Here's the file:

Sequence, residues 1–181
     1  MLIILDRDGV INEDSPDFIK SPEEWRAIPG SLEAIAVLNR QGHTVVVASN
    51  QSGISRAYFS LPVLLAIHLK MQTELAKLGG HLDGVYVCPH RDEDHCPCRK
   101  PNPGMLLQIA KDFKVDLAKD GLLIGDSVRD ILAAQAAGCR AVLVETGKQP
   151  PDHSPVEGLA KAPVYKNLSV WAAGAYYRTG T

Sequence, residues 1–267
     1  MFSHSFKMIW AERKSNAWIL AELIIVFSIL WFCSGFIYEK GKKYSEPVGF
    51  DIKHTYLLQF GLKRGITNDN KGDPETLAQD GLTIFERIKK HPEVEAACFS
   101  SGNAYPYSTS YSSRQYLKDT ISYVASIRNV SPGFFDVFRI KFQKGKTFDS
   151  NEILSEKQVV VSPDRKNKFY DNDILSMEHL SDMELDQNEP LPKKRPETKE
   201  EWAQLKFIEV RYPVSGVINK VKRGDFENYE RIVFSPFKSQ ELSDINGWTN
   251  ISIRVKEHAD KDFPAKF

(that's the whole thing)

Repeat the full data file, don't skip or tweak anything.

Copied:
Sequence, residues 1–181
     1  MLIILDRDGV INEDSPDFIK SPEEWRAIPG SLEAIAVLNR QGHTVVVASN
    51  QSGISRAYFS LPVLLAIHLK MQTELAKLGG HLDGVYVCPH RDEDHCPCRK
   101  PNPGMLLQIA KDFKVDLAKD GLLIGDSVRD ILAAQAAGCR AVLVETGKQP
   151  PDHSPVEGLA KAPVYKNLSV WAAGAYYRTG T

Sequence, residues 1–267
     1  MFSHSFKMIW AERKSNAWIL AELIIVFSIL WFCSGFIYEK GKKYSEPVGF
    51  DIKHTYLLQF GLKRGITNDN KGDPETLAQD GLTIFERIKK HPEVEAACFS
   101  SGNAYPYSTS YSSRQYLKDT ISYVASIRNV SPGFFDVFRI KFQKGKTFDS
   151  NEILSEKQVV VSPDRKNKFY DNDILSMEHL SDMELDQNEP LPKKRPETKE
   201  EWAQLKFIEV RYPVSGVINK VKRGDFENYE RIVFSPFKSQ ELSDINGWTN
   251  ISIRVKEHAD KDFPAKF